8. Taking note of the issue, the Central Board of Direct Taxes, Ministry of Finance has issued a circular dated 18.11.2009 setting out the guidelines to be followed by Air Intelligence Units or Investigation Units while dealing with air passengers with valuables at the airports of embarkation or destination, to avoid any undue inconvenience to them. The said circular is extracted below :
“Subject : Avoiding harassment in the course of enquiry/search of the air passengers by the Air Intelligence Units/Investigation Units of the Income Tax Department.
Detailed procedure regarding enquiry and identification of the passengers at the airports for action under section 132 of the Act has been laid down in the Search & Seizure Manual, 2007 (pp.92-95 of Volume-I). Instances have come to the notice of the Board where some of the passengers have allegedly felt harassed. In view of this, the following guidelines are laid down in this regard, which he followed strictly by Air Intelligence Units or Investigation Units while dealing with air passengers at the airports of embarkation or destination:
(i) On the basis of information through the scanner in check-in-area and security hold area, further enquiry/action under section 131/132/133A of the Income tax Act, 1961 may be conducted within the time available before the departure of the flight of the passenger(s). Alternatively, the information may be passed on quickly to the Air Intelligence Unit at the Airport of destination and, in case there is no Air Intelligence Unit at the airport of destination, to the local Investigation Unit. On getting such information, the recipient Unit will carry out necessary enquiries as quickly as possible so as to intercept the passenger at the exit of the destination airport.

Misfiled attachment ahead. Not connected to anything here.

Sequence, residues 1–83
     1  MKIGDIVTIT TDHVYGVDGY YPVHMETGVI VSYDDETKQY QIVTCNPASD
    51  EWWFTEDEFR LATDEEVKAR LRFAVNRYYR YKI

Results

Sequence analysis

(vi) The proceedings of enquiry and action may be completed as expeditiously as possible. In the course of these proceedings, the passenger should be provided drinking water, tea, snacks and food in case the passenger desires the same. He should also be provided medical assistance in case it is required.
(vii) In case the seizure involves bullion or jewellery, the services of an approved valuer should be obtained expeditiously. For this purpose, while granting approval under section 34AB of the Wealth Tax Act, the Chief Commissioners/Director Generals should put a condition that the approved valuer shall be available for providing his services at any time, at any place, at any place, at short notice and even at odd hours.
(viii) On the conclusion of the search, the passenger should be dropped at the place he wants to go in the government vehicle, if he makes a request on the ground of security etc.
(ix) The officer would take adequate precautions and steps to ensure that enquiry/investigation undertaken at the airports is kept confidential and any premature disclosure to the media (print/electronic) is avoided.”
The Directors General of Income-tax (Inv.) and Directors of Income-tax (Inv.) are requested to ensure that these guidelines are complied with by all the concerned authorities.”